The Wattenberg cure

November 15, 1995|By Jeane Kirkpatrick

WASHINGTON -- It is easy to understand why Bill Clinton telephoned Ben J. Wattenberg to talk about his new book, ''Values Matter Most.'' The book bristles with information, insight and penetrating analysis into the problems that cost the Democrats control of the Congress in 1994, gave Republicans unprecedented victories in states that had not elected Republicans since Reconstruction and threaten Mr. Clinton's re-election in 1996. The president, a man who does not like to lose, sees in the book ideas that could conceivably help him avoid this fate.

Since the Republicans' congressional landslide in 1994 took place when the economy was strong, President Clinton has already understood that it's not just ''the economy, stupid'' that stands between him and re-election. It never was. The Democratic Party's problems -- as Mr. Wattenberg illustrates again and again -- are with the social and the cultural issues: crime, welfare, education, quotas. These are the issues on which Republican victories were based -- in 1968 and 1972, in 1980 and 1984, in 1988 and 1994. They are responsible for the continuing exodus of Democratic officeholders from their party.

Southern accents

It is no accident that the only two Democrats to win a presidential election since 1968 -- Jimmy Carter and Bill Clinton -- have Southern accents and Baptist affiliations. These identify them with the conservative side of the great cultural divide that cuts across New Deal party alignments and has already transformed both parties.

Ben Wattenberg has been observing the impact of social-cultural issues on American political parties for 25 years. In 1970, he and Richard Scammon, both Democrats, wrote ''The Real Majority,'' warning that the Democratic Party was headed for big trouble.

Mr. Wattenberg has lived this trouble. ''My Democratic Party was tough on crime,'' he writes. ''Support for public schools was inviolate. . . . They were temples of tough discipline and good behavior. . . . The Democratic Party was a workingman's party that stood for vigorous economic growth. . . .''

That Democratic Party is no more. By 1970, American cities had changed. Mr. Wattenberg's mother was robbed on the street, his father was mugged in the lobby of his apartment building; a decade later his sister-in-law was murdered in Philadelphia. In the same period, rising crime rates, declining test scores, growing welfare rolls and spreading disorder displaced bread-and-butter issues as the chief concern of American voters -- including Mr. Wattenberg.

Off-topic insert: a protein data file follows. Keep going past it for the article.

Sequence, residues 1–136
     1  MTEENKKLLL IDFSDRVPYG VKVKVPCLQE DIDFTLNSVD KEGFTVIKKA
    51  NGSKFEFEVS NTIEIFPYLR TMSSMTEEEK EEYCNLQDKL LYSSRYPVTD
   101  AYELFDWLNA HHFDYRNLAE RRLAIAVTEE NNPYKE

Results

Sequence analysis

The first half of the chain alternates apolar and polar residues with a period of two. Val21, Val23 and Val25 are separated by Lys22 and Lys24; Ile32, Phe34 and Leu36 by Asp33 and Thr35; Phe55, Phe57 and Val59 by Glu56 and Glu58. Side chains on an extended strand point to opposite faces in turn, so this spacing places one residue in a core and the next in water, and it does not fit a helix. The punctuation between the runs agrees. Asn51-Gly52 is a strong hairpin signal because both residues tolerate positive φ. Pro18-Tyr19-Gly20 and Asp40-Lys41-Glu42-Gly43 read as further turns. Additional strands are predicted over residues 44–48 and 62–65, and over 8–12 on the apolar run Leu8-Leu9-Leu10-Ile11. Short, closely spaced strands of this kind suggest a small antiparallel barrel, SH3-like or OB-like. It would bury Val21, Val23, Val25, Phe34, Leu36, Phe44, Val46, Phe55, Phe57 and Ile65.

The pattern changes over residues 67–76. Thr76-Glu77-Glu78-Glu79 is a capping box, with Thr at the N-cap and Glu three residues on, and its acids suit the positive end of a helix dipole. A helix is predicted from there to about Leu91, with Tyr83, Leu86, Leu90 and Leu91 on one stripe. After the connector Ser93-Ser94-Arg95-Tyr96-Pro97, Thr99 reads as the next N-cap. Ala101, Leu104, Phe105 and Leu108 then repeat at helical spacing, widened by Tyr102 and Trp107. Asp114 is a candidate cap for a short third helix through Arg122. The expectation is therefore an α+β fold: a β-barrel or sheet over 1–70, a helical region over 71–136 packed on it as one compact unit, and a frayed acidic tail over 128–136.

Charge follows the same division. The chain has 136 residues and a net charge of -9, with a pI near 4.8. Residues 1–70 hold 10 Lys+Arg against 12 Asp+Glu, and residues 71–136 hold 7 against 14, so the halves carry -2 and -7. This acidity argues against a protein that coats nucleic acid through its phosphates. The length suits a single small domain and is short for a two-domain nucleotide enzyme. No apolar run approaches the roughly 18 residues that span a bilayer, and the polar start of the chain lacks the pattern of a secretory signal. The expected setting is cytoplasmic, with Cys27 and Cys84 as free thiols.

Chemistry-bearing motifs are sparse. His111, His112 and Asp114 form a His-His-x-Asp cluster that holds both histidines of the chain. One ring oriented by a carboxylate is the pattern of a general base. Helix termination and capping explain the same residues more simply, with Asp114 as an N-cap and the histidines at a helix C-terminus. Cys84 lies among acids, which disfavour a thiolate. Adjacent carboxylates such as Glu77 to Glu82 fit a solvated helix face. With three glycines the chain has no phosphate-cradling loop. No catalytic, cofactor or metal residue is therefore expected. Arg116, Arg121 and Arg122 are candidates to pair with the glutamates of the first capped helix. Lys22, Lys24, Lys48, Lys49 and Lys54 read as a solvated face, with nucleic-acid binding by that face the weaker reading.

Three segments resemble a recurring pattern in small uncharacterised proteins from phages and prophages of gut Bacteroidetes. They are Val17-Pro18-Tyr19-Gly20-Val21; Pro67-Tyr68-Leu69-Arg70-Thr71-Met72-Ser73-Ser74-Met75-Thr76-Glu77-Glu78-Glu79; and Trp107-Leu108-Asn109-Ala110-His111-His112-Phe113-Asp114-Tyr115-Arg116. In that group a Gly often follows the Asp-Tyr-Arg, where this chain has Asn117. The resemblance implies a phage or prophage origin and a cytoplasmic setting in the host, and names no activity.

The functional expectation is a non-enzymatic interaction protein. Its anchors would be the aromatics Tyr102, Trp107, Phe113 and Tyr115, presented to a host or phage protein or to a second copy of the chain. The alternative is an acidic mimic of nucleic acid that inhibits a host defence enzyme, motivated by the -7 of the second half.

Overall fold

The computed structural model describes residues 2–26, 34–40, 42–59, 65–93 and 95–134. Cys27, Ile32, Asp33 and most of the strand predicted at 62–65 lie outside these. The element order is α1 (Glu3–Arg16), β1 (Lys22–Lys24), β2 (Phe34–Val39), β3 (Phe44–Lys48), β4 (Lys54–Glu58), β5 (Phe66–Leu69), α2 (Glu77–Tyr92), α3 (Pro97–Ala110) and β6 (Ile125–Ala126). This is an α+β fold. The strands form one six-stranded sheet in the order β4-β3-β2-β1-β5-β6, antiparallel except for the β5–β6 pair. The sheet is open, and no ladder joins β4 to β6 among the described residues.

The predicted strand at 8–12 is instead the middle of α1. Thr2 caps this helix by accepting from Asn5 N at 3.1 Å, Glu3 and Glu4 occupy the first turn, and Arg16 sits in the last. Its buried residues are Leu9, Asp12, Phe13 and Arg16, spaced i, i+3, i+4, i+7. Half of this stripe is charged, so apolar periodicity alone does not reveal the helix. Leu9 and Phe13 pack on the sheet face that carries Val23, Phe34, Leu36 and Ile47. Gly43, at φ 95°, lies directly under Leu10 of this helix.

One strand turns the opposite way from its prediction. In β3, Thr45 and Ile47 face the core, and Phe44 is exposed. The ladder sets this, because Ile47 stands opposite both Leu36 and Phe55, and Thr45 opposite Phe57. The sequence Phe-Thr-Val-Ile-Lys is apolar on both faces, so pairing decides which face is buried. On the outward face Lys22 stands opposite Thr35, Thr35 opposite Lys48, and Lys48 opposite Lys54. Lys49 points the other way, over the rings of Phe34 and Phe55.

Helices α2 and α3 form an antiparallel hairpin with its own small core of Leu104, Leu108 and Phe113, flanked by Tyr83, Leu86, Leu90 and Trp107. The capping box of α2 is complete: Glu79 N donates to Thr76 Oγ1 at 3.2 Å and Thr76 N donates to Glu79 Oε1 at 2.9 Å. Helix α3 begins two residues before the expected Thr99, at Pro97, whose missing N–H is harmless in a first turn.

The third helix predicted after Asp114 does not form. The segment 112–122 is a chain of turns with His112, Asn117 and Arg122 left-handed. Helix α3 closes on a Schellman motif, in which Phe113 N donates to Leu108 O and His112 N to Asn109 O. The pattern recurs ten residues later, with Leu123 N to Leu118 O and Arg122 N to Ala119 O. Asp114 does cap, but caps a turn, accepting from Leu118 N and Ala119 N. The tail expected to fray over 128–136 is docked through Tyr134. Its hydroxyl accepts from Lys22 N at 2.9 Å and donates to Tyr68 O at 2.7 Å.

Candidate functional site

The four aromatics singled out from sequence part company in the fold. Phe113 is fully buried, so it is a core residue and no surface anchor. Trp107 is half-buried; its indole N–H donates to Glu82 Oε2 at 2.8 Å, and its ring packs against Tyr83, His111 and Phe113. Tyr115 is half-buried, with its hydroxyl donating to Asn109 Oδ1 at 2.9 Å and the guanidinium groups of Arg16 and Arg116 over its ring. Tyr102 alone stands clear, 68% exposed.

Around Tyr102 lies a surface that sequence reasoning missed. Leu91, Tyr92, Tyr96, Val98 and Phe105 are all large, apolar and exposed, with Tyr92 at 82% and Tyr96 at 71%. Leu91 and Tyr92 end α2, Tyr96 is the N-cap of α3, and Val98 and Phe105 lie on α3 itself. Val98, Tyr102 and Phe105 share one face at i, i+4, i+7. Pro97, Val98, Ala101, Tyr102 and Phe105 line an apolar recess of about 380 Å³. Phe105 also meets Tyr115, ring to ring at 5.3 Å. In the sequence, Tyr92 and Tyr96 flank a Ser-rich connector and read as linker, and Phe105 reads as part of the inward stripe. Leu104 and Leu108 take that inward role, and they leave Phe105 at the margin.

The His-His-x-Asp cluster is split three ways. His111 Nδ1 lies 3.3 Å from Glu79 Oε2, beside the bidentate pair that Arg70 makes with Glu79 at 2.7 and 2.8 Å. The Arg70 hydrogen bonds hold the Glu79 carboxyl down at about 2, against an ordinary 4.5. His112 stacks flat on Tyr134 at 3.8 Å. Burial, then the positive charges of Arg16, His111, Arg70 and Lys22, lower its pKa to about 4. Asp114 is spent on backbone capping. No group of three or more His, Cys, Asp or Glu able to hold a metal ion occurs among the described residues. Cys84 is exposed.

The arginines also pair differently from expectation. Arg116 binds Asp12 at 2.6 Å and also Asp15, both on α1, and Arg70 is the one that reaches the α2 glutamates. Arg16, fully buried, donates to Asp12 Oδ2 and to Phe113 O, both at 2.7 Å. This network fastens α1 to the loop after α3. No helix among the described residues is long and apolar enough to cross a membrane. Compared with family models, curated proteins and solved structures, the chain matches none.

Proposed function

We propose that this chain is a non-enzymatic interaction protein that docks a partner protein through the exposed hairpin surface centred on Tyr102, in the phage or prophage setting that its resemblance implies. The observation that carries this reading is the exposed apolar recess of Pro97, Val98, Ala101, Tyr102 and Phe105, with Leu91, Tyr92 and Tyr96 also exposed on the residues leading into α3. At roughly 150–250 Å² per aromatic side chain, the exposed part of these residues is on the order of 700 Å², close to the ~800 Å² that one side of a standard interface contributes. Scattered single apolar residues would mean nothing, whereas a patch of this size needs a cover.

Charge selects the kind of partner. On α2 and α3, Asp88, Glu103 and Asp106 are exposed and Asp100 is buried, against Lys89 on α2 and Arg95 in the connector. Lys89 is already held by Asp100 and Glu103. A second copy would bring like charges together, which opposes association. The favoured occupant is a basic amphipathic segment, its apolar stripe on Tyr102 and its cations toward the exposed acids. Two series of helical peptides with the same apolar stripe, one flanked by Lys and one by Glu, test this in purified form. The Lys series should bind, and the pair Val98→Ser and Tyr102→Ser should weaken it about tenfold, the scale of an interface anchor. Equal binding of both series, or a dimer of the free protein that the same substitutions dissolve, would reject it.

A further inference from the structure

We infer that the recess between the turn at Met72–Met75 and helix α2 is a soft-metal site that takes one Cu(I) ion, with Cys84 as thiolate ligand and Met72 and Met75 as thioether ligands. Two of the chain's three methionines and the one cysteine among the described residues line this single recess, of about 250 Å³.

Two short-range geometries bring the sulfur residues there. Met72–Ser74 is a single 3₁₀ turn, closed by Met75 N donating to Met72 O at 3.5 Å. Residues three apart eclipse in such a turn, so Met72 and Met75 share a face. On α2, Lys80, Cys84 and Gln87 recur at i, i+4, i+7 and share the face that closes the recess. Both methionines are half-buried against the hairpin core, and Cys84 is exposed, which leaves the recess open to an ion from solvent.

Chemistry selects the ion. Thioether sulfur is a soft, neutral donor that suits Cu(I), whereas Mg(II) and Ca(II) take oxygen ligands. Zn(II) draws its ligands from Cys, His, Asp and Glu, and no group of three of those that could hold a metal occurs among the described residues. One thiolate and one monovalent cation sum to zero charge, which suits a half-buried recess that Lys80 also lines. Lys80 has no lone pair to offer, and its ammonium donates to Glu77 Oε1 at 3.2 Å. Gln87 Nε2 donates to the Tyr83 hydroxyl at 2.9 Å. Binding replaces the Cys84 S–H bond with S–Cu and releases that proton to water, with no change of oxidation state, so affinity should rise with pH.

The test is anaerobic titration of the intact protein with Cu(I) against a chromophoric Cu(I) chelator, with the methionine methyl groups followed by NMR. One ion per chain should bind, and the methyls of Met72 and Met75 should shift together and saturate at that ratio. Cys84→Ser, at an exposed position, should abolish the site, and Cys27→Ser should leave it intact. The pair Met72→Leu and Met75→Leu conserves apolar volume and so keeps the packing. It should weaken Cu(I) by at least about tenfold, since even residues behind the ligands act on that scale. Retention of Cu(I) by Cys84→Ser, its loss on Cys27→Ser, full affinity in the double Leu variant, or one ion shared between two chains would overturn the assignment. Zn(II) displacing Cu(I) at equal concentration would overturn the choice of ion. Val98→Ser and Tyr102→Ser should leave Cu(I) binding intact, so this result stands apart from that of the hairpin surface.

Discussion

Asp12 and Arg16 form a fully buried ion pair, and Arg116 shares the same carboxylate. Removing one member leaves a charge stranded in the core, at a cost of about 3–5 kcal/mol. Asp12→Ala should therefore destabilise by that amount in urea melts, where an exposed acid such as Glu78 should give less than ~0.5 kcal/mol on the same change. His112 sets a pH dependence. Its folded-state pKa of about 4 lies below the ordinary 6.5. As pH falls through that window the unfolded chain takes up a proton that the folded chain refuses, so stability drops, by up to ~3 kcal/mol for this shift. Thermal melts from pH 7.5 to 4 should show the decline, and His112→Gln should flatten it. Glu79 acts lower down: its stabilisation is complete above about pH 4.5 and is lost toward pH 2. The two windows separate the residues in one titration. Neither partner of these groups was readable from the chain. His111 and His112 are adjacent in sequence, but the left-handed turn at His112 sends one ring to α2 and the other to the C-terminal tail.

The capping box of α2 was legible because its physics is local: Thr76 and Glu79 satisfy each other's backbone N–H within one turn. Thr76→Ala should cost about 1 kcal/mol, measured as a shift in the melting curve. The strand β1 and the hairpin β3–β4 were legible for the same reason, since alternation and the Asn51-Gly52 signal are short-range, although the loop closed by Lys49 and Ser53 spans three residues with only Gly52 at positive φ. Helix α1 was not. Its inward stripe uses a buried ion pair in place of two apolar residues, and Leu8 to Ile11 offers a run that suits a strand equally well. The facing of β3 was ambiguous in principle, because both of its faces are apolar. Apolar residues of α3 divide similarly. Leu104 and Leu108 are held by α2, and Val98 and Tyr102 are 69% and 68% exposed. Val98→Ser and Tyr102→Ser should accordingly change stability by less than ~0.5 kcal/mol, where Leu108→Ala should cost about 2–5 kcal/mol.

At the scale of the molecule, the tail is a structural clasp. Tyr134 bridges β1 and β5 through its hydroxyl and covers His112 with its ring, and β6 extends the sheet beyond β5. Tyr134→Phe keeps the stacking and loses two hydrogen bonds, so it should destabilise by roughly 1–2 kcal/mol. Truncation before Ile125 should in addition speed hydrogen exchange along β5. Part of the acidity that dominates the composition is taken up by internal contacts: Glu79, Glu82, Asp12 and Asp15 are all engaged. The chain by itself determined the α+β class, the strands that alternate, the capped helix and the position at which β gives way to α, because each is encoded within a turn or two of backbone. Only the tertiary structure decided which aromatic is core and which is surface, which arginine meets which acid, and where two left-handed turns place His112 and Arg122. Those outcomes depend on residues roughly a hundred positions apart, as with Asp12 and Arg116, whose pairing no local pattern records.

The revolutionaries

The Democratic Party has had a lot of difficulty adapting to new problems and concerns. Often it has seemed more interested in conducting a social-cultural revolution than in preserving American society. Most of the ''reforms'' voters dislike have been adopted under Democratic administrations. Policies that produced busing, quotas, permissive parole systems and burgeoning welfare rolls have been tolerated and preserved by Democratic ''liberals'' who do not understand that these reforms dissolve the connections between crime and punishment, between work and economic reward, between merit and success.

But voters understand. These liberal ''reforms'' undermine the work ethic and violate the basic requirements of an achievement-based society, as liberal multiculturalism violates the basic requirements for forging unity in a diverse society.

Voters understand that American society and the American economy are based on the very connections that liberal reforms are dissolving. Decouple work from reward, merit from success, crime from punishment, and the system breaks down. When ''race norming'' supersedes merit as the basis for hiring, the quality of the American product suffers. When it is more profitable to collect welfare checks than to work, the whole economy suffers.

The majority walks

The Democratic Party, Mr. Wattenberg explains again, has lost votes and supporters because its leaders seemed neither to understand nor to respect these core values on which American society and American success have been based. It is no longer the majority party because too many of its leaders no longer share the values of the majority of Americans.

As recently as 1992 Mr. Wattenberg voted for Bill Clinton because he thought he had broken with the Democratic Party's dominant permissive liberalism. He no longer thinks so. He doubts that the president knows what his Southern contemporary, Newt Gingrich, knows: that America is a unique civilization -- ''great, different and in trouble'' -- and deserving support.

Mr. Wattenberg's views on American political parties have a great deal in common with those of many other Americans -- as reported in a Washington Post poll last week. That poll tells us that 55 percent of Americans see the Republican Party as best representing their views on national issues as compared to only 25 percent who see the Democratic Party as closer to their views.

Conversion factor

It is not clear that either Mr. Wattenberg or the poll can help Bill Clinton win re-election. It is very hard for a public figure to change sides on the ''values issue'' and retain credibility.

Mr. Wattenberg's book accurately diagnoses the president's problem, and there is no known treatment that will get the victim into shape to win by next November. Still, it would be interesting to see Bill Clinton make the effort. I hope he does.

The United States needs two viable political parties. Until the Democrats take the Wattenberg cure, we will have only one.

Jeane Kirkpatrick is a syndicated columnist.

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